This striking poster was used as a recruitment tool to encourage local men to join the Kensington battalion, 22nd, which had been raised by the Mayor of Kensington, William Davison. It is the only poster Davison included in his scrapbooks. It was painted by the artist John Hassall (1868-1948) who lived in Kensington Park Road and who in 1900 had opened the New Art School and School of Poster Design also in Kensington. The school closed at the start of the war and afterwards Hassall started a correspondence school. He is best known for two works; “Skegness is so bracing” (1908) featuring the famous Jolly Fisherman character and the Kodak Girl (1910) used by the Kodak company for many years. The recruitment poster may have been commissioned by Davison himself.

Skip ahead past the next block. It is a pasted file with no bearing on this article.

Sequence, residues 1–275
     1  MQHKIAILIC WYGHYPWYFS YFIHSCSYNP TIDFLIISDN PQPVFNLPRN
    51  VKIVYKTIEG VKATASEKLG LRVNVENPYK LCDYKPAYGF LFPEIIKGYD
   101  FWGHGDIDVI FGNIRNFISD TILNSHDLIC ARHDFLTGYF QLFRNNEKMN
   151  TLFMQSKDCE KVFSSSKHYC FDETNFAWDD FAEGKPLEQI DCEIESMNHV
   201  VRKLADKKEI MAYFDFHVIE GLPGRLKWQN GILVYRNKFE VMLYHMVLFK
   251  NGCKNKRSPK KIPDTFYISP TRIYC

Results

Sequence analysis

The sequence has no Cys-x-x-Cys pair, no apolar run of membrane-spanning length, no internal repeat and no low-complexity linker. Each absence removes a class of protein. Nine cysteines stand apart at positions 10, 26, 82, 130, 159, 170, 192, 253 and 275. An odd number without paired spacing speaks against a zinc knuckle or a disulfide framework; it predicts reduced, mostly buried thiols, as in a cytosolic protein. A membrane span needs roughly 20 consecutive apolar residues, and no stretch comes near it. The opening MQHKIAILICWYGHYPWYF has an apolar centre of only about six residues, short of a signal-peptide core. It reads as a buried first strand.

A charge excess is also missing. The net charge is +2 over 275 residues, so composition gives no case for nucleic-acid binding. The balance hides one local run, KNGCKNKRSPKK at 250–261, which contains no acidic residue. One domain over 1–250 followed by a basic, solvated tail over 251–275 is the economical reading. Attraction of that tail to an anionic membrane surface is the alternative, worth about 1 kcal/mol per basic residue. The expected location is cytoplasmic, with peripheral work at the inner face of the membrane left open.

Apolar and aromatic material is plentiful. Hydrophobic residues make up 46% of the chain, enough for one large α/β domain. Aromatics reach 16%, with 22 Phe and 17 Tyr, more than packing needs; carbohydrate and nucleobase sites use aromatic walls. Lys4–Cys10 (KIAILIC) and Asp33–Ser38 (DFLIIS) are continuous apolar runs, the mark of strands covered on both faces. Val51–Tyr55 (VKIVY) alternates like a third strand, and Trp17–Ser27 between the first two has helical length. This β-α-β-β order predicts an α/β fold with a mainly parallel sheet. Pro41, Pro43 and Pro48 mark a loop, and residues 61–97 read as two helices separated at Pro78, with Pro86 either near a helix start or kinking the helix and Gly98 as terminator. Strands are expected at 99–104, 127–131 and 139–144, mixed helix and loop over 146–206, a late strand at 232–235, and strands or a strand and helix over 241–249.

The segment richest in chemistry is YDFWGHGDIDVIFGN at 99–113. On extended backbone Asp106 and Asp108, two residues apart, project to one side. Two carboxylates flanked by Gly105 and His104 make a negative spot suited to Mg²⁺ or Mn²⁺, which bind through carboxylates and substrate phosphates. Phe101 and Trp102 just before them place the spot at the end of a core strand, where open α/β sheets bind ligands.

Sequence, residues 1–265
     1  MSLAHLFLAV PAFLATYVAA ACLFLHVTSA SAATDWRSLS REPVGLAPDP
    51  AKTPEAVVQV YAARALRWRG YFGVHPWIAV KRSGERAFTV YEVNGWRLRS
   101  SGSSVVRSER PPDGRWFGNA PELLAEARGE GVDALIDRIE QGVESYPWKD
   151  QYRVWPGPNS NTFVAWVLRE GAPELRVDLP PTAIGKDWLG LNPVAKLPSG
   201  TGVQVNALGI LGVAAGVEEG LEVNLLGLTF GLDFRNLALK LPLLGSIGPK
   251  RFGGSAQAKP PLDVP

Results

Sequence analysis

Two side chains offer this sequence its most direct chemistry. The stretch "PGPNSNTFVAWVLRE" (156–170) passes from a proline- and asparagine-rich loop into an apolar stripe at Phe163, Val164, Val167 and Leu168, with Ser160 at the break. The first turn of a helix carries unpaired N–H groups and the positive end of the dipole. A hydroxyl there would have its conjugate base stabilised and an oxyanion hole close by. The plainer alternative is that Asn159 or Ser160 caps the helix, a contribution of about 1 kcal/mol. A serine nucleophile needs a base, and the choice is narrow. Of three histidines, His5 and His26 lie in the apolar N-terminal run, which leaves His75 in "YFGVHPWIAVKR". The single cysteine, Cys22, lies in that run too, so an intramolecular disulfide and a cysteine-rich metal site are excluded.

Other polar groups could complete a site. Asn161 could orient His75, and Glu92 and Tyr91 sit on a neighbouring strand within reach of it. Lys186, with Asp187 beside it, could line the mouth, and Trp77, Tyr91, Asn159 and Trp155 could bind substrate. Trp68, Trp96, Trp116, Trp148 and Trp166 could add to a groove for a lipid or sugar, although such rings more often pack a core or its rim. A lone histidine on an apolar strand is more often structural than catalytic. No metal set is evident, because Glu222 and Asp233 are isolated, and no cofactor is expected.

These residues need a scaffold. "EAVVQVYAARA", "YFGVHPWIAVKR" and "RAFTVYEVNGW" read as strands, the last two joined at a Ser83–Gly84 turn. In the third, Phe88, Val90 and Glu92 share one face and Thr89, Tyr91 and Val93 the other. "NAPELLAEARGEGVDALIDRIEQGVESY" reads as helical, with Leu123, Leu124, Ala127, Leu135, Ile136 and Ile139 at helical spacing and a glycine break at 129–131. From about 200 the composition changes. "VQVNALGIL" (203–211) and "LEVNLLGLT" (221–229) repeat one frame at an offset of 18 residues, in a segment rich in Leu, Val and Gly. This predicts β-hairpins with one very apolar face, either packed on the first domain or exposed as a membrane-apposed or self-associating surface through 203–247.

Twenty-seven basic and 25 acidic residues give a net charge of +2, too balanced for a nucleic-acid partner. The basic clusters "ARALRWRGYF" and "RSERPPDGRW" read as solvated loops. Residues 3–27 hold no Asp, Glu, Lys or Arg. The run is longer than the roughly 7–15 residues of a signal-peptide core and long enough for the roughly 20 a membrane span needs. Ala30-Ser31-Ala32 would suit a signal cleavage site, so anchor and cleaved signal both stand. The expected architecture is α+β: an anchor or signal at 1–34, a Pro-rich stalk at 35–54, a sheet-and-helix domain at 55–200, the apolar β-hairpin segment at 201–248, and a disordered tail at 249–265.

According to a history of the Kensingtons by Major Christopher Stone Lord Kitchener was shown this poster and admired it except that the breeches of the fallen Uhlans were too smart. “No Uhlan ever had decently cut breeches.” Hassall inserted several deep creases in the breeches to win Kitchener’s approval.
Hassall’s son Christopher was a poet and his daughter Joan was also an illustrator. His grand daughter was the actress Imogen Hassell who appeared in Hammer films and in several 70s TV shows.